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After a month of rebel infighting, Al-Qaeda's decision to disassociate itself with the increasingly independent ISIL will likely bolster the Nusra Front, say Syria experts.
"ISIL has become completely isolated in Syria," Joshua Landis, director of the Center for Middle East Studies at the University of Oklahoma and a Syria expert, told Al Jazeera. "All the other militias will be attacking ISIS."
"Nusra (the Nusra Front) will be the big gainer, as it is recruiting ISIL defectors," Landis said.
He added that the Islamic Front, an alliance of six major Islamist rebel factions in Syria, has been warning Nusra against mass recruitment of ISIL defectors for "fear that Nusra will begin attacking others."
Ultimately, Landis said, "the Islamist militias are in disarray and the infighting is demoralizing fighters and funders alike."
Charles Lister, visiting fellow at Brookings Doha Center, also told Reuters that the Al-Qaeda statement "represents an attempt by Al-Qaeda to definitively reassert some level of authority over the jihad in Syria" following a month of ISIL disobedience.
"This represents a strong and forthright move by (Al-Qaeda) and will undoubtedly serve to further consolidate Jabhat al-Nusra's (the Nusra Front) role as Al-Qaeda's official presence in Syria," Lister said.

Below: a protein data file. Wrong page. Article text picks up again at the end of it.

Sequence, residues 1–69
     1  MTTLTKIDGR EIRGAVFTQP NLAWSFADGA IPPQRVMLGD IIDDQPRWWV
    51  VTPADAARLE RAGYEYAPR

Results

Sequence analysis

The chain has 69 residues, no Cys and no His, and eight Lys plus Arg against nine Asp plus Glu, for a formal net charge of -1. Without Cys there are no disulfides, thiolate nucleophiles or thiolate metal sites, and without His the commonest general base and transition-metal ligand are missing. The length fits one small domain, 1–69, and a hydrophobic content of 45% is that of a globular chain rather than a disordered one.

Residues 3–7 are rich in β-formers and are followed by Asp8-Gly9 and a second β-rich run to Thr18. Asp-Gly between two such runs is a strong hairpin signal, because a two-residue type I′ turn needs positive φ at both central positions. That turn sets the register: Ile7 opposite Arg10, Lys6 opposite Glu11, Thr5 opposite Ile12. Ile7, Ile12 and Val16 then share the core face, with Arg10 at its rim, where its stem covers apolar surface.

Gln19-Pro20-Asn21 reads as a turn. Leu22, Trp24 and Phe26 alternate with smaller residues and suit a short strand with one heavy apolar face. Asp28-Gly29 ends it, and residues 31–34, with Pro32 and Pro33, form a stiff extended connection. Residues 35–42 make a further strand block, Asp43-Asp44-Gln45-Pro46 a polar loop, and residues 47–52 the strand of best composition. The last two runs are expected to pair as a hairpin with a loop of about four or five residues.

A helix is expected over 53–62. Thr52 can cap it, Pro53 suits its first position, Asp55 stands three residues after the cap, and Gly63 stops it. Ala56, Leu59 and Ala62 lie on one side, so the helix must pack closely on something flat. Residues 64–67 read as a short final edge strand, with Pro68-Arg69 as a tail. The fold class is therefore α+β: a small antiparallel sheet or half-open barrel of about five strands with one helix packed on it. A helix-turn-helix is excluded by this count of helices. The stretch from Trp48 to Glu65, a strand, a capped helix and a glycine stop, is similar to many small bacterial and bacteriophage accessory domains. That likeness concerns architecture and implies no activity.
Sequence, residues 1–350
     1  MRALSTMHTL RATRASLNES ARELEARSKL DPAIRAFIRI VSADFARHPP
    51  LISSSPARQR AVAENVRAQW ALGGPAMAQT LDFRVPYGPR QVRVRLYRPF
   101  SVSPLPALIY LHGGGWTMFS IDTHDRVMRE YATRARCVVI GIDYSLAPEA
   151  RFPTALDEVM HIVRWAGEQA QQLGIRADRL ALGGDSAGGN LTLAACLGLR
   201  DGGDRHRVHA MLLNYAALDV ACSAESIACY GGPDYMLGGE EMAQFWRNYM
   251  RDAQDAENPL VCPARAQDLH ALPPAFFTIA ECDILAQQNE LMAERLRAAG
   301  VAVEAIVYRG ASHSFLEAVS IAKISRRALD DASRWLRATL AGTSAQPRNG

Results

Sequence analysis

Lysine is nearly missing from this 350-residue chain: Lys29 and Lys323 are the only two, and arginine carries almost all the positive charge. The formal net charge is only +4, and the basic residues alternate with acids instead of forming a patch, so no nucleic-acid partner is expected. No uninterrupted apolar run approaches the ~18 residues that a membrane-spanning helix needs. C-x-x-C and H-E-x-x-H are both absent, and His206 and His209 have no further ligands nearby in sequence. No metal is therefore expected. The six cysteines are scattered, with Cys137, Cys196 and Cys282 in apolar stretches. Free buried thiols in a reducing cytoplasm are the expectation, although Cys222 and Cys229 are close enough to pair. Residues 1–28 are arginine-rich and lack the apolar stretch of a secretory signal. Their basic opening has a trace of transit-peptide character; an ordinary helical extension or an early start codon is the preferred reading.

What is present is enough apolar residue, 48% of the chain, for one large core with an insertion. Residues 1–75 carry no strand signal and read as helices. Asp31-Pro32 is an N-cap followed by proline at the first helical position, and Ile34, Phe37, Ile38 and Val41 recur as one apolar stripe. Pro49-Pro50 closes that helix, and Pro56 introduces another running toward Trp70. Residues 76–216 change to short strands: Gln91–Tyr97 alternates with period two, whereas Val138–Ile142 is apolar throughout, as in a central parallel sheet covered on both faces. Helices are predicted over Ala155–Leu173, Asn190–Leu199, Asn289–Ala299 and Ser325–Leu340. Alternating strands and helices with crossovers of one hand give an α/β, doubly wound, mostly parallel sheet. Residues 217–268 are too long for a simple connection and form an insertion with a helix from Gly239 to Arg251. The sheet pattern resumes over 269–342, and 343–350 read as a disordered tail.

ISIL has fought battles with other hardline Sunni insurgents and secular rebel groups, often triggered by disputes over authority and territory. Several opposition groups announced a campaign last month against ISIL.
Rebel-on-rebel violence in Syria has killed at least 2,300 this year alone, according to the Syrian Observatory for Human Rights, an opposition monitoring group.
The infighting has added another bloody dimension to the Syrian crisis, which erupted in March 2011 as an uprising against Assad's rule but later evolved into an armed insurgency and civil war.
Hardline rebels, including Nusra, have come to dominate the largely Sunni Muslim insurgency against Assad, who is supported by his minority Alawite sect — an offshoot of Shia Islam — as well as Shia fighters from Hezbollah.
Philip J. Victor contributed to this report, with Al Jazeera and wire services.